________________ ____________________________________ ____________________________________
This makes a board rigid enough to use but you only lose up to a max 6mm depth of cut. In fact the body of my Makita 5604R just clears the 6mm guide so I don't lose any DOC.
Brilliant things, I don't leave home without one :-)
--
Dave - The Medway Handyman
www.medwayhandyman.co.uk
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The Medway Handyman wrote:

I made mine out of a strip of engineered wood (or is it bamboo?) flooring for the guide. Lovely clean, smooth, lacquered edges already. Tough. (Scrap section at Wickes.)
--
Rod

Hypothyroidism is a seriously debilitating condition with an insidious
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Sorry MH I am struggling with this one. I get a 3 or 4 foot board 150m wide 6mm deep, then glue 4mm board to it, how wide?then the cs sits on the bottom piece using the side of it as a guide?
Having a blonde moment here lol
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Correct. The magic bit is you then cut the lower board to exactly the correct width when you first run the saw over the top of the lower board, using the edge of the upper board as a guide. That's it. Custom sawboard made.
For ever after, all you then have to do is slap your sawboard down with that edge you just cut on your lower board exactly aligned with wherever you want to cut through on the the job you're doing (the line you want to trim to on your doors in your case).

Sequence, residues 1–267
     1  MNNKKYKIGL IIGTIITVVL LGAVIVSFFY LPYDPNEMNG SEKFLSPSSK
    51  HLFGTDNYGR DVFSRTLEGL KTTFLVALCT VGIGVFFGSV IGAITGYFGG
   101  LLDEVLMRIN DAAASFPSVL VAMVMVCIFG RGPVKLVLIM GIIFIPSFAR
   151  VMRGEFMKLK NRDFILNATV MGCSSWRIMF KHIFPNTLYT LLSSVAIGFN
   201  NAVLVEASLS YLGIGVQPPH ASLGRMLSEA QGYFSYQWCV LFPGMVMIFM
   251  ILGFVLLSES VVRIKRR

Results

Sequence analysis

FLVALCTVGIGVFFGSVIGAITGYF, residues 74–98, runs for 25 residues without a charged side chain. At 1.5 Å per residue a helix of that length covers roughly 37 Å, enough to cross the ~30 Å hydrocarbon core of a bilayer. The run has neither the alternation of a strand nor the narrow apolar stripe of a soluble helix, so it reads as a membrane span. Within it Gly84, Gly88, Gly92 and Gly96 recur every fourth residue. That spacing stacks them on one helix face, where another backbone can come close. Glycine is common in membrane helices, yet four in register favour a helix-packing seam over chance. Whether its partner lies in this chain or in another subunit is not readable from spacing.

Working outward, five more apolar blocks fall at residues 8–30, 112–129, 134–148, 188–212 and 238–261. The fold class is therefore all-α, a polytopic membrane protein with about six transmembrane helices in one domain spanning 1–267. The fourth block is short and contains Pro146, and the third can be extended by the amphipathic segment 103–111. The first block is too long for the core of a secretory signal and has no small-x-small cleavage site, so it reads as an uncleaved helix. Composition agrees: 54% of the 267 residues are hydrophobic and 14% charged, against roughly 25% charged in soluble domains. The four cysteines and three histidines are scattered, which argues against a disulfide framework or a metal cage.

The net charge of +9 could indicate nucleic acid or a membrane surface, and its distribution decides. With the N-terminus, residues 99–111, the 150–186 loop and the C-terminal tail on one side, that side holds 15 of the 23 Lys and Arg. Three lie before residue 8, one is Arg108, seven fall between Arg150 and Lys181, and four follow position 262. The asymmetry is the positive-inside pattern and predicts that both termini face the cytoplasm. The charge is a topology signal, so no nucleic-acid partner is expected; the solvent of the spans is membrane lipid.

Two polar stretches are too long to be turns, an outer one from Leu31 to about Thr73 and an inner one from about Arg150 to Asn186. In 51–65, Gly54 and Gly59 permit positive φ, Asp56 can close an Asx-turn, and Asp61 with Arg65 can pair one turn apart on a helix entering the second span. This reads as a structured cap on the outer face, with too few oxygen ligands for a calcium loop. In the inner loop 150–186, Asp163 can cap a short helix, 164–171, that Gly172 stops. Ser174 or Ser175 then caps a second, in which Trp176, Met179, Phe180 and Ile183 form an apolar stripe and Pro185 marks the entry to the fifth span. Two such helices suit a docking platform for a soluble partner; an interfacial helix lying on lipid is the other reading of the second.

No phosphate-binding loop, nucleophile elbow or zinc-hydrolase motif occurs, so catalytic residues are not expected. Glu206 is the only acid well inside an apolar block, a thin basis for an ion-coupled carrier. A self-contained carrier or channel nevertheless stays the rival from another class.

Dimensions on the sawboard are unimportant, apart from the lower board area being wider than the base of your circular saw for when you do that first "cut to size" to make a sawboard exactly matching your saw.
Explanation with diagrams:
http://members.aol.com/woodmiser1/sawbd.htm
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snipped-for-privacy@gglz.com wrote:

As Dom said, its self making. As long as the bottom board is wider than the base of your CS.
Did you get the Aldi link Sam?
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Dave - The Medway Handyman
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wide
bottom
Sammy Make the sawboard as in the link provided.
Take the door on its flat,draw a pencil line of the amount of wood you need to take off across the door. Place the sawboards edge level with that line and clamp the sawboard to the door. Now just use the sawboards top guide with the CS and you will get a perfect cut line.
The links diagram is self explanetry if you just carefully read and look slowly.